Monday, September 29, 2008

Poetry Bailout

HAHAHAHA. This is just too funny (from Harper's):

Cultural leaders have come together to announce a massive poetry buyout: leveraged and unsecured poems, poetry derivatives, delinquent poems, and subprime poems will be removed from circulation in the biggest poetry bailout since the Victorian era. We believe the plan is a comprehensive approach to relieving the stresses on our literary institutions and markets.

Let there be no mistake: the fundamentals of our poetry are sound. The problem is not poetry but poems. The crisis has been precipitated by the escalation of poetry debt -- poems that circulate in the market at an economic loss due to their difficulty, incompetence, or irrelevance.


Ron Slate said...

Obama: "I support the plan -- but we must ask: how did we get here? I'm asking for more accountability among directors of MFA programs (and serious scrutiny of their compensation packages), and new diplomatic efforts to deal globally with disruptively innovative poetry wherever it rears its comely head."

McCain: "I survived years in a hell-hole by reciting lines from Edgar Guest. There's no question that the surge of MFA-driven poetry has worked -- poets are employed, even if some of them publish a bomb or two. And I picked Sarah Palin because she reminds me of the young Maxine Kumin."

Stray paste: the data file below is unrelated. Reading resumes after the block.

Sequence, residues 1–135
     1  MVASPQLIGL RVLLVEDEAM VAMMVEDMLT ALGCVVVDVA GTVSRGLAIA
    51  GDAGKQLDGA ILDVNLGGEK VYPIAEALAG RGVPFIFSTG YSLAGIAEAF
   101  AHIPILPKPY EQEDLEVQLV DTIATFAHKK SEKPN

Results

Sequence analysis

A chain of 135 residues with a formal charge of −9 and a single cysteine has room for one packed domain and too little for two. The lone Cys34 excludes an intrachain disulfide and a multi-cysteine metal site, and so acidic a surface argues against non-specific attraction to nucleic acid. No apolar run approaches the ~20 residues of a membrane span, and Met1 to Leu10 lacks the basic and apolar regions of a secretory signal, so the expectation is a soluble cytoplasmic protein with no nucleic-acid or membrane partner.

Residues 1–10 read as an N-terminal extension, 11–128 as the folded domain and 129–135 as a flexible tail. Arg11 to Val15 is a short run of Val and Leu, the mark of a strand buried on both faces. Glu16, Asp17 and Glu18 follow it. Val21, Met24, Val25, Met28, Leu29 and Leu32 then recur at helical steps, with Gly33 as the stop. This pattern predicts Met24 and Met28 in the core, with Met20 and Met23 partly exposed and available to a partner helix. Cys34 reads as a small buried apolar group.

Justin Evans said...

In true to form extreme partisanship, the Hardies, who base their literary philosophy on that of Thomas Hardy are being left out the discussion. Their belief in returning to poetry and abandoning prose entirely, essentially torpedoed the 2000 Poet Laureate Elections with their support of Franz Wright.

Now, with the turmoil of a poetry 'bailout' in full swing, not even their banners which read "I've Got A Hardy On For Poetry" will swing people to their way of thinking.

Franz Wright and his runnig mate in 2008, Bill Knott, were not even allowed to participate inthe debates.

Premium T. said...

Omg. I'm falling off the bed laughing.
"Poetry debt." !!!!!!!

I say that we take the bailout $$ and write a check to poets instead of to the failing banks. Now that's how poetry can save us.

It's time poets were in power.

Rachel Dacus said...

I think the fundamentals of poetry are weak and tremors in the culture threaten to topple the whole thing, balanced as it is on confidence and diminishing assets, and leveraged on reviews, awards and retreats.

Montgomery Maxton said...

how hilarious!

Kelly said...

LOL! The question on my mind is will the poets use the bailout opportunity to change the poetry system or will we be back to the current poetry crisis in only a few years?